Facing mounting sexual harassment claims and an imploding scandal surrounding COVID policies, New York governor Andrew Cuomo is facing resignation calls from now two major state papers with the Times Union publishing an editorial piece Friday.
The Times Union editorial board proclaimed in their piece “Resign, Mr. Cuomo,” that the governor “squandered the public’s trust at a time when it’s needed more than ever.”
“First Gov. Andrew Cuomo hid the truth about deaths of nursing home residents from the public. Then his administration lied about why. Then, pretending to come clean, it lied about why it lied,” the editorial board wrote.
The governor has lost the public’s trust which is vital during a widespread health crisis, the board writes.
“We endorsed Mr. Cuomo for governor three times. He has brought to fruition a host of important progressive goals. But between his manipulation of state ethics bodies, multiple allegations of sexual harassment and these latest revelations on nursing home deaths, he has lost the credibility he needs to lead this state,” it said.
The Times Union wrote that Cuomo was a candidate that offered leadership in progressive values, leading to their three endorsements. He is no longer able to lead, the board claims.
“It did not have to be like this. Mr. Cuomo was, by and large, doing a commendable job leading the state through the pandemic. People knew what a tough situation he faced. If he made a bad call a year ago, New Yorkers would have understood if he’d just been straight with them,” the article says.
The news comes as Democrat and majority leader of the New York senate Andrea Stewart-Cousins called for Cuomo’s resignation Sunday.
“Everyday there is another account that is drawing away from the business of government,” Stewart-Cousins said in a statement. “We have allegations about sexual harassment, a toxic work environment, the loss of credibility surrounding the COVID-19 nursing home data and questions about the construction of a major infrastructure project.”
She continued by saying the state can’t afford distractions during a pandemic.
“New York is still in the midst of this pandemic and is still facing the societal, health and economic impacts of it,” she said. “We need to govern without daily distraction. For the good of the state Governor Cuomo must resign.”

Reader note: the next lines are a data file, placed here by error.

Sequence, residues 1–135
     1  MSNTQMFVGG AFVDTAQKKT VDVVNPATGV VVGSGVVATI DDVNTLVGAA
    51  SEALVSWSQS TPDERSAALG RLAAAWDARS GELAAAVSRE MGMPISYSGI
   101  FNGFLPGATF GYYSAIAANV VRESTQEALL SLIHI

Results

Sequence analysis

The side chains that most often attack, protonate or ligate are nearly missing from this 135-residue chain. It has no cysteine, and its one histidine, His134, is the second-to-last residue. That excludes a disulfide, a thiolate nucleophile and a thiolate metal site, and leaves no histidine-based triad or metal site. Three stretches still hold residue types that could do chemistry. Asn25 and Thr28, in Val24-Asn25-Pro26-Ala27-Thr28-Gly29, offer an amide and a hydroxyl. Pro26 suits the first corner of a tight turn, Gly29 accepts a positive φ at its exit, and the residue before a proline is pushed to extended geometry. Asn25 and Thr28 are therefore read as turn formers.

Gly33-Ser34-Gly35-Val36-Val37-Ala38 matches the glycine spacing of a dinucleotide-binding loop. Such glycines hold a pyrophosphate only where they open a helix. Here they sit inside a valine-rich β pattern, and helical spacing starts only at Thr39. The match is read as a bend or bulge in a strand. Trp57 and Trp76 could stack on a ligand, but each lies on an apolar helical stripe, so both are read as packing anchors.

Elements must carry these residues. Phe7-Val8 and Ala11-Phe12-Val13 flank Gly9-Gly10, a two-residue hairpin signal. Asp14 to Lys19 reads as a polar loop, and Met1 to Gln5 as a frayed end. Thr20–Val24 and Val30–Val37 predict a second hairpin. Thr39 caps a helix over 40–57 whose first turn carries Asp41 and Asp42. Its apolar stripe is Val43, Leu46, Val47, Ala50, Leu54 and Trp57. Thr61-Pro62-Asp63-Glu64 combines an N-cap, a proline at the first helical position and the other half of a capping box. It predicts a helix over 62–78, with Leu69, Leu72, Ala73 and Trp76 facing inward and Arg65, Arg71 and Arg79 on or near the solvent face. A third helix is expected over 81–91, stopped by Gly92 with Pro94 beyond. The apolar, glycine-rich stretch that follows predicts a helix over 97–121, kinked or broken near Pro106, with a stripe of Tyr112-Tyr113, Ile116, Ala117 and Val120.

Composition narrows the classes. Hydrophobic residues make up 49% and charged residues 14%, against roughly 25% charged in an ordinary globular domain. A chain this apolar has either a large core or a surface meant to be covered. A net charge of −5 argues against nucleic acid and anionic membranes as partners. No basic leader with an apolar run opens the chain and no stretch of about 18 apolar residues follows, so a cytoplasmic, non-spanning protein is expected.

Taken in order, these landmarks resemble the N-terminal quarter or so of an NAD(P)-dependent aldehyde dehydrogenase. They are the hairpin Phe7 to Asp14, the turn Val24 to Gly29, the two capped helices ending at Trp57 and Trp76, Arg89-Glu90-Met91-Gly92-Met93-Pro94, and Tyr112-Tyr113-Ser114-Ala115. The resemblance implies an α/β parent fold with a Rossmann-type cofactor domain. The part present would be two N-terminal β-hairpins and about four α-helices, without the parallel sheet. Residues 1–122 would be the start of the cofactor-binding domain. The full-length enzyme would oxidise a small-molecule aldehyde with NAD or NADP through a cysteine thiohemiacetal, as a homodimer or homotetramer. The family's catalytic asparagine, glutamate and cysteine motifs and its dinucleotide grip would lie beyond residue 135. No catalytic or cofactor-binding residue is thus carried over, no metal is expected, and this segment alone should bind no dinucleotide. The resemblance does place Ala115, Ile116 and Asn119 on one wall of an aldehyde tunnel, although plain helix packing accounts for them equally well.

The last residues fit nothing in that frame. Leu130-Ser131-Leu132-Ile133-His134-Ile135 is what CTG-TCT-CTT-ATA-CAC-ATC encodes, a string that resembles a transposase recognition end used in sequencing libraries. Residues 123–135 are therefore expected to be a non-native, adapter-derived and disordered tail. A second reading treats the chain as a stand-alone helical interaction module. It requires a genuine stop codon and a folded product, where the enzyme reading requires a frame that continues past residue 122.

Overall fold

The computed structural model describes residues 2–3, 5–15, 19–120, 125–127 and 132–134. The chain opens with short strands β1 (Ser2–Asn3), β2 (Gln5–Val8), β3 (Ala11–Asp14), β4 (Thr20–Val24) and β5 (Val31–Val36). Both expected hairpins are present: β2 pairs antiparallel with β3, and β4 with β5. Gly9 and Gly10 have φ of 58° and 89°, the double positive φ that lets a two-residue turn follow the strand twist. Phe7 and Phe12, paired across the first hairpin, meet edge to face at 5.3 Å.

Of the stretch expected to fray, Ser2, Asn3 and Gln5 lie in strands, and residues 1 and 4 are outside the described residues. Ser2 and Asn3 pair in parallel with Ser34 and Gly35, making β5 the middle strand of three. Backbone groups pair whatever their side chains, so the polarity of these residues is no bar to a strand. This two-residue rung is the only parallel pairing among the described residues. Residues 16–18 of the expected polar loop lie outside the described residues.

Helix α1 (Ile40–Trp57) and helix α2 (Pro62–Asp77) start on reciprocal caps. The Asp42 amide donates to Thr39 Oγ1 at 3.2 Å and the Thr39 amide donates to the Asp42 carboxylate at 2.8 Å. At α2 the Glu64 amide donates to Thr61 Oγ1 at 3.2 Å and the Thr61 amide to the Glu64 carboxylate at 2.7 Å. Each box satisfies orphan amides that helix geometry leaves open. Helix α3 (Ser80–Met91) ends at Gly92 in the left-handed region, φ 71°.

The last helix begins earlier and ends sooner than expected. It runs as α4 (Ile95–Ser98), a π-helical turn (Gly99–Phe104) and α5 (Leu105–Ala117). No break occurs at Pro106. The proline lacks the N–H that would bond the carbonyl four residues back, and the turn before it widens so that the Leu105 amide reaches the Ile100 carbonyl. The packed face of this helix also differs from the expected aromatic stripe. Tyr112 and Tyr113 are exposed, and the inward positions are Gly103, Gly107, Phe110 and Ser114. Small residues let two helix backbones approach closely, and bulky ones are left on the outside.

With members of his own party and supporters in the media turning on him, Gov. Cuomo faces increasing pressure to end his tenure as governor.
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Historic House Vote Expels Rep. George Santos Amidst Scandal
In a turn of events, the House of Representatives made history on Friday with a vote to expel Rep. George Santos (R-N.Y.), marking the first such expulsion in over two decades. A moment fraught with gravity unfolded as Speaker Mike Johnson wielded his gavel to formalize Santos’ removal, setting a precedent in congressional annals.
Santos, indicted on 23 counts related to wire fraud, identity theft, and other charges, has not faced conviction but stands accused of misusing campaign funds for opulent purchases. The bipartisan vote, tallying 311 to 114, signaled robust support for expulsion, with a marginally higher number of Republicans opting to retain Santos.
Questions loomed as Speaker Johnson left the chamber, his silence leaving the fate of the ongoing government spending battle uncertain. According to reports from Fox News, Democratic Rep. Steny Hoyer emphasized the non-partisan nature of the decision, asserting that members concluded Santos had tarnished the House’s reputation and was unfit for representation.
Within the GOP, conflicting opinions emerged, with Rep. Darrell Issa arguing against expulsion, citing the presumption of innocence. The tight-lipped stance of the House Ethics Committee played a pivotal role in the deliberations.
Conversely, members of the New York Republican delegation, led by Rep. Marc Molinaro, asserted Santos’ commission of crimes, justifying expulsion based on a comprehensive investigation.
Santos himself predicted the outcome in an exclusive morning interview on “FOX & Friends.” This vote not only underlines the House’s rare use of expulsion powers but also sets a critical precedent in handling members facing severe legal challenges.
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